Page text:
RALEIGH, N.C. (WTVD) -- More than $20 million in relief money is coming to consumers here in North Carolina who used an auto lender that was at the center of a multistate investigation. However, right now, it's a waiting game to see when that money will get to consumers.
Nicole Edwards is one of those consumers waiting and hoping to get relief.
"Definitely has been impacting my credit," she said.
For years, Edwards said a car loan that she defaulted on has affected her credit. When she bought a car, it was financed through Santander, the nation's largest subprime auto financing company.
"I don't think we should have gotten approved for the loan," she said.
Edwards said that for two years, she struggled to make the monthly car payments, eventually, the car was repossessed after she fell behind on payments. To this day, she said it still affects her credit.
"This is 90 percent that's on my credit that is pulling me down," Edwards said.
Edwards is not alone. A coalition of 34 state attorneys general, including North Carolina Attorney General Josh Stein alleged Santander violated consumer protection laws by exposing consumers to unnecessarily high levels of risk and knowingly placing these consumers into auto loans with a high probability of default.
The investigation started in March 2015 and just wrapped with a settlement of $55 million in relief to consumers.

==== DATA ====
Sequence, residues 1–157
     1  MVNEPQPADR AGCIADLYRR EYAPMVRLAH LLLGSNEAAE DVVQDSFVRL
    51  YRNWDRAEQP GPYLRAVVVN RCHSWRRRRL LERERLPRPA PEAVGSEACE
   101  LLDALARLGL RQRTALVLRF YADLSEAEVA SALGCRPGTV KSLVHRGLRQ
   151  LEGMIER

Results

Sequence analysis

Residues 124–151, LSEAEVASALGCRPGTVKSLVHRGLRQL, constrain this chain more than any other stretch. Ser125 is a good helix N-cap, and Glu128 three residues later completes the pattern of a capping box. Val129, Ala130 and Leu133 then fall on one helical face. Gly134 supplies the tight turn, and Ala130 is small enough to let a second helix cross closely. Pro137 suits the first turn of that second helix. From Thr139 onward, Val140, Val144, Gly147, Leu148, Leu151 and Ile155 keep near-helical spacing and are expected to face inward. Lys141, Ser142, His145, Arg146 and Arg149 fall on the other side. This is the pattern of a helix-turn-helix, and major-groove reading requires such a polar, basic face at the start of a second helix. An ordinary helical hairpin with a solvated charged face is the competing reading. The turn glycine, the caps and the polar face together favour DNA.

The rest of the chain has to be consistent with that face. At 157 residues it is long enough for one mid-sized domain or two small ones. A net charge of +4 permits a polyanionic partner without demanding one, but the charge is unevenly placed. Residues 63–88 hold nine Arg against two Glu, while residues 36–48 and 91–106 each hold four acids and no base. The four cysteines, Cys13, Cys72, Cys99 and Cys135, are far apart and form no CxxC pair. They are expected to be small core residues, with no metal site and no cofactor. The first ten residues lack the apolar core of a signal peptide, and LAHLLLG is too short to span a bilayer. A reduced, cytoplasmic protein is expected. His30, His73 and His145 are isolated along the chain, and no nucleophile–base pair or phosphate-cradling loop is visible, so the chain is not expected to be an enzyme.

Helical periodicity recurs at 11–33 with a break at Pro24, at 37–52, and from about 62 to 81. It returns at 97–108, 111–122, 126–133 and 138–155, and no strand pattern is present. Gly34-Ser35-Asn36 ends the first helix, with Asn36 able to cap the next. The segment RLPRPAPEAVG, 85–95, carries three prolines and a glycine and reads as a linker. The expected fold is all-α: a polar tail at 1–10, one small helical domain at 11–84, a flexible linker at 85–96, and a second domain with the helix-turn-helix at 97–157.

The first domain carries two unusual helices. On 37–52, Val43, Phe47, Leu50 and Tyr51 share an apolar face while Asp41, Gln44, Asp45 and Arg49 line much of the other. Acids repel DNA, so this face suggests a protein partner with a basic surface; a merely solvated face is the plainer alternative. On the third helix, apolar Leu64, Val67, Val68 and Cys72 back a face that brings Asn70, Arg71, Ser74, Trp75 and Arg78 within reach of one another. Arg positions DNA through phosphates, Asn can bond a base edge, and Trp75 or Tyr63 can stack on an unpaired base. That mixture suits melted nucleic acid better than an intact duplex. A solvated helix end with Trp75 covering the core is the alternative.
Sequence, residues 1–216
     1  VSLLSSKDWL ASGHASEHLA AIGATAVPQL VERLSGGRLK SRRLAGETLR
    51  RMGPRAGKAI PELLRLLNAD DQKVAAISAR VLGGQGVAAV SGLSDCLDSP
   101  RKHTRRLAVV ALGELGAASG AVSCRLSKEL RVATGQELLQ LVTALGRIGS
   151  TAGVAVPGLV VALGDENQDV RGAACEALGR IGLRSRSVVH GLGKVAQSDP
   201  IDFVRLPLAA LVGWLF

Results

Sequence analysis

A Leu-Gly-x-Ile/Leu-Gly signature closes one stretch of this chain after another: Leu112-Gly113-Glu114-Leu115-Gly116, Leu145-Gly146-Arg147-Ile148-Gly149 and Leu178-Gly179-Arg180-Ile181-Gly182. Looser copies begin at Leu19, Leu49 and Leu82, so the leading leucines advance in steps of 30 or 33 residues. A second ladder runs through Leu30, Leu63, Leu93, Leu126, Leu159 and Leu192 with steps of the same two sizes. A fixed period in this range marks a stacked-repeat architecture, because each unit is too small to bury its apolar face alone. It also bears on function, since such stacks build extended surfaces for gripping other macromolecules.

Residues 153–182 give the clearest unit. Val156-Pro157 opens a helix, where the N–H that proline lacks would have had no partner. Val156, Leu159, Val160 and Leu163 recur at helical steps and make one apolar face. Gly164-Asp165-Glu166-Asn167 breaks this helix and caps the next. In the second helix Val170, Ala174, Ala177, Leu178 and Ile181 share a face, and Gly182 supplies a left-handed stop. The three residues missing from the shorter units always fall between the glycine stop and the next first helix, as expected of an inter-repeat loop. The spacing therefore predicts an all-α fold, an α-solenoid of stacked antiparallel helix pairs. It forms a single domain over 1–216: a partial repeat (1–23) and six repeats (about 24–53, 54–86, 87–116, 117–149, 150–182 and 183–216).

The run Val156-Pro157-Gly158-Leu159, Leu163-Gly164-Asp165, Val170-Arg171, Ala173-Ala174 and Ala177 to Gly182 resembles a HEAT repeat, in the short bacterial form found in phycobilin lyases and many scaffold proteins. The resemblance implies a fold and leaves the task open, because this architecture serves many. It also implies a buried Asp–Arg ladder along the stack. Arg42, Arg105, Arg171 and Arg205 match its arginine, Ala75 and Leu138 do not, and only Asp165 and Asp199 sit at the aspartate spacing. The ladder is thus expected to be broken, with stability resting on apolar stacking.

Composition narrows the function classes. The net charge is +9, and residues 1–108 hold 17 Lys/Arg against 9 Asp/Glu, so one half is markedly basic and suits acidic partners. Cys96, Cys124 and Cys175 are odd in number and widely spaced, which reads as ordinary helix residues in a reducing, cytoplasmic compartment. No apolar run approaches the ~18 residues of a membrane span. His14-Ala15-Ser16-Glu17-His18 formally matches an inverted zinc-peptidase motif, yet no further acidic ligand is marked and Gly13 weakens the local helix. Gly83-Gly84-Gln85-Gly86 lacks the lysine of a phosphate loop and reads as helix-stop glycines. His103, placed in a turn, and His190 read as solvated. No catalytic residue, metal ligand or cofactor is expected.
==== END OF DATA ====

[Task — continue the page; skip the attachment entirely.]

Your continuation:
"Twenty-two million is going to come back to NC consumers who have received misrepresentations at the time that they received their car loans," Stein said.
Stein added that Santander preyed on at-risk consumers and ruined their credit. Besides paying millions in the settlement moving forward, Santander will change its lending practices.
Santander said it fully cooperated in the investigation and during the past several years, has strengthened its risk management across the board -- improving policies and procedures to identify and prevent dealer misconduct, and tightening standards to ensure affordability.
When it comes to who gets a piece of the millions coming to North Carolina consumers, Stein said, "we will get the customer list from the company and reach out to those people."
Edwards hopes she is one of those consumers as she would like to improve her credit.
If you were a victim of Santander, Stein encourages you to reach out to his office, as even if you don't get part of the settlement money, they do have ways to help clean up your credit. You can find that information here.
Also, a settlement administrator has been appointed to handle how the money will be distributed to consumers. Though it is still early in the process you can find more information here.